In this case, Bruce Berkowitz simply restated his confidence in Sears and Eddie Lampert:
Sears remains a large position in all of our funds, notwithstanding announcements in late December of falling sales and margins, rising expenses, and write-downs. Investors fled with this New Year's greeting before Chairman Lampert purchased over $150 million of common for his personal account. For many reasons, including management, we continue to believe the assets of this iconic brand to be a multiple of values implied by its current stock market price and continue to see the beginning of a new Berkshire Hathaway.
This is not really surprising, because had Berkowitz sold, the short squeeze we saw in the start of the year would have never materialized. Still, it's helpful for those trading the name to know what's behind today's move.
I myself covered into the frenzy and re-shorted higher. That Berkowitz hasn't sold and is still confident doesn't change the fundamental trajectory that Sears is following or make it any easier to turn around the company.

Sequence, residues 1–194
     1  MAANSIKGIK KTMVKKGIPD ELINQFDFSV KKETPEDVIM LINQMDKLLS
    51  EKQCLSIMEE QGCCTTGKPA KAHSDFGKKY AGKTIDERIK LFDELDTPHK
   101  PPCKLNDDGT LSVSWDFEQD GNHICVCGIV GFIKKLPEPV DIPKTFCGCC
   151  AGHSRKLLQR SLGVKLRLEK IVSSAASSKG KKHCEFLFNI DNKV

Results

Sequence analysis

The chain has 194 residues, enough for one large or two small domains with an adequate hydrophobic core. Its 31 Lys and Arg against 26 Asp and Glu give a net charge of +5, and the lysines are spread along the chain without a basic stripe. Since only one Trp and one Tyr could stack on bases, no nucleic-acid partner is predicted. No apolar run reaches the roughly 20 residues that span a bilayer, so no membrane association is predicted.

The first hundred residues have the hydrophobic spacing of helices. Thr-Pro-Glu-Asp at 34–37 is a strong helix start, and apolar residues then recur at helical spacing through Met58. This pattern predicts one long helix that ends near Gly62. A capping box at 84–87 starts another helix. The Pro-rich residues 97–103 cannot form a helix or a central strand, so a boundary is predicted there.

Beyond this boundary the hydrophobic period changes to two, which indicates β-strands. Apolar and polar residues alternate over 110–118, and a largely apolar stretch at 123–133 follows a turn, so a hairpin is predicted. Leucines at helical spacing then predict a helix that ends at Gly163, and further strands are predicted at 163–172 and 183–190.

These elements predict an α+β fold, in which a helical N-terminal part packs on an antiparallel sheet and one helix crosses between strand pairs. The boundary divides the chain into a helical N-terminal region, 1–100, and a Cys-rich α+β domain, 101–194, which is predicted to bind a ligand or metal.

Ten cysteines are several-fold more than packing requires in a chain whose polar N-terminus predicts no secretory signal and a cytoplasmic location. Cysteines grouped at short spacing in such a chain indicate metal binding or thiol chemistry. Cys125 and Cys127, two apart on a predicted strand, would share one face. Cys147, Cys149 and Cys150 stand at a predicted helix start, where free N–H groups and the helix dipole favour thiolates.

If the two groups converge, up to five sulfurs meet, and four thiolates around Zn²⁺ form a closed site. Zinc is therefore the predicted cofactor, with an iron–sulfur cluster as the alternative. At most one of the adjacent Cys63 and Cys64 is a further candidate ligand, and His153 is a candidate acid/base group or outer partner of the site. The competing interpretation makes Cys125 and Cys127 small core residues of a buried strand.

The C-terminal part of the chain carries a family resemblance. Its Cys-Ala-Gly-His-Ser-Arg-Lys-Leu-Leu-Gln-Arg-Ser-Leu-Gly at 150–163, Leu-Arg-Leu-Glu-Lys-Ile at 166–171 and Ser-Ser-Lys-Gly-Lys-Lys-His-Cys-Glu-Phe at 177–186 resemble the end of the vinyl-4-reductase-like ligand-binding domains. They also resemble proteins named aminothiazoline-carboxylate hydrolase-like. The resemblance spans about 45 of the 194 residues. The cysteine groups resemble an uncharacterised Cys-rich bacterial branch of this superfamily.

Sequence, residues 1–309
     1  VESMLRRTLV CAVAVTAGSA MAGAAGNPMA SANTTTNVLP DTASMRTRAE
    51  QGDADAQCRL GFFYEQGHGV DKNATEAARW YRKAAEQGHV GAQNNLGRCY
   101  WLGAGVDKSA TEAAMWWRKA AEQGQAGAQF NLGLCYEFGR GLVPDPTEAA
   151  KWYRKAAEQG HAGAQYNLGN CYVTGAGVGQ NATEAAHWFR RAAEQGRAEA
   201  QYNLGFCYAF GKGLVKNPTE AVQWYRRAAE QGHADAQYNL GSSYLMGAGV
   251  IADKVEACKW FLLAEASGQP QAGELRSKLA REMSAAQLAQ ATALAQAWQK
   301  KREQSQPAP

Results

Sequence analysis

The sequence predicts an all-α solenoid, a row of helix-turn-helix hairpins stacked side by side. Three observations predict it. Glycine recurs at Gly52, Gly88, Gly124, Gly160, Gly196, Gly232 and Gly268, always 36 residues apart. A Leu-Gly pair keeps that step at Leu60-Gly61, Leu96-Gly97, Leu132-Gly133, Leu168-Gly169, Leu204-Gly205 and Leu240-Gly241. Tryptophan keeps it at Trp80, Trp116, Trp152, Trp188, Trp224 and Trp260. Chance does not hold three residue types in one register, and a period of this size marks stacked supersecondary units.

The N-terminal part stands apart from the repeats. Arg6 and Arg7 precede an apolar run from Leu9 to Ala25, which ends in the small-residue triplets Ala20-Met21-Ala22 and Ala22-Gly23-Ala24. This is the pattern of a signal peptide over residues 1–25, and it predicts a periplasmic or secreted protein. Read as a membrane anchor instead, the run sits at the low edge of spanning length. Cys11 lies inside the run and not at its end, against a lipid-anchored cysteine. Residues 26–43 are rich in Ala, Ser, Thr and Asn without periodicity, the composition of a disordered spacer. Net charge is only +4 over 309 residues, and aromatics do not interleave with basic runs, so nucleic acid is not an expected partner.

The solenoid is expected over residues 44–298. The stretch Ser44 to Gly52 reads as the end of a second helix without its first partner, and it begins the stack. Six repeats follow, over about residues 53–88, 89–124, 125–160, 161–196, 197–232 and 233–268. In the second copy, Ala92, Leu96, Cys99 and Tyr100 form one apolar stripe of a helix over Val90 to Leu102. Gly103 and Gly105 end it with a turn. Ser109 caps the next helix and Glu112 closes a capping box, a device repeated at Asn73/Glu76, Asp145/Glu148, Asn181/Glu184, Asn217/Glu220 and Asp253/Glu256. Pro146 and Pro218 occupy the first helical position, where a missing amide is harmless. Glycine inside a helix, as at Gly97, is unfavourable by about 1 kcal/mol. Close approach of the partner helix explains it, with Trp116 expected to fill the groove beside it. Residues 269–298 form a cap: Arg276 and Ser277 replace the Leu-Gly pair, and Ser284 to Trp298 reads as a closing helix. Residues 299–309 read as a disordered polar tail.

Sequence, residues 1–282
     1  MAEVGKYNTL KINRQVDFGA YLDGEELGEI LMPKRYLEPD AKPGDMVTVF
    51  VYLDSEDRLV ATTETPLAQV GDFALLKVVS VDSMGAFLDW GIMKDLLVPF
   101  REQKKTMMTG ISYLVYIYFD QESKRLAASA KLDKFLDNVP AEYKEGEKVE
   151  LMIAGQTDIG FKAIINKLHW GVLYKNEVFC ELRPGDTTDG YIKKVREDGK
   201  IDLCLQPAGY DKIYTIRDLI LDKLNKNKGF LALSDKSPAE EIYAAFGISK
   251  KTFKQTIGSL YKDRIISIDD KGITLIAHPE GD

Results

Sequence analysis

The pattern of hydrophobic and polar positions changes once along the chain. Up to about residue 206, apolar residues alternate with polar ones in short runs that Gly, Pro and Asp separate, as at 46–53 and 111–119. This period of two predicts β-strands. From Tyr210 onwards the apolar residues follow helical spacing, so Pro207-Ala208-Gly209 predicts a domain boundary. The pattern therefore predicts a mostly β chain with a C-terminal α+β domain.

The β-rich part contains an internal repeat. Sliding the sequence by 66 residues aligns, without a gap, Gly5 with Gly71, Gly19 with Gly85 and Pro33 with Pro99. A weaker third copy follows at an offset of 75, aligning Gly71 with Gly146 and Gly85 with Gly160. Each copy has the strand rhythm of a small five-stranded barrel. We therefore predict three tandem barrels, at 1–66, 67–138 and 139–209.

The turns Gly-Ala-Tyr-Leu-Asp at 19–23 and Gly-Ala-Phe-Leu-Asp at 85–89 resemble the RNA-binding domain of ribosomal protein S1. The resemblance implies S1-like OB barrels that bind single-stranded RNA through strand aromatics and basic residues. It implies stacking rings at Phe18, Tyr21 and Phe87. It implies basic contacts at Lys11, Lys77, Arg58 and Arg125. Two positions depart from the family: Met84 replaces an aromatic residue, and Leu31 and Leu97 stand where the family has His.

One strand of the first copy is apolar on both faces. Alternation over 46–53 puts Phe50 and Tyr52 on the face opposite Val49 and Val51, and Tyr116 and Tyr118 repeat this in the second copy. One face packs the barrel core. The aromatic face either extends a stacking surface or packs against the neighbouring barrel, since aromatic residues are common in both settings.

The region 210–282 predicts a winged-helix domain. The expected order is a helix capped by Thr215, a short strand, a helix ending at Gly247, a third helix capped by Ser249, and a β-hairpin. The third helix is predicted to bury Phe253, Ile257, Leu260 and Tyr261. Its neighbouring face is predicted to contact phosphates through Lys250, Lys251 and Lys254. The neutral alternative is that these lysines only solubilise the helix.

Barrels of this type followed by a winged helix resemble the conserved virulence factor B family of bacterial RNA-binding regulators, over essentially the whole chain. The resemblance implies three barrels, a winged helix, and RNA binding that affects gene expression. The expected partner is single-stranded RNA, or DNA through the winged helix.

What to Do?
Though every portfolio is different, for those trading Sears short the important thing to remember during this spike is that the fundamentals haven't changed, and the pressure on Sears' business has not abated, and neither have the stores recovered any of their allure.
Sears has been on an incredible sales decline, now at 18 quarters and getting faster, not slower. This is not something that turns on a dime, and it's not something sustainable either. Unless something changes regarding the sales, there's no motive to cover.
On the other hand, short positions should be kept small enough that they can weather any spikes.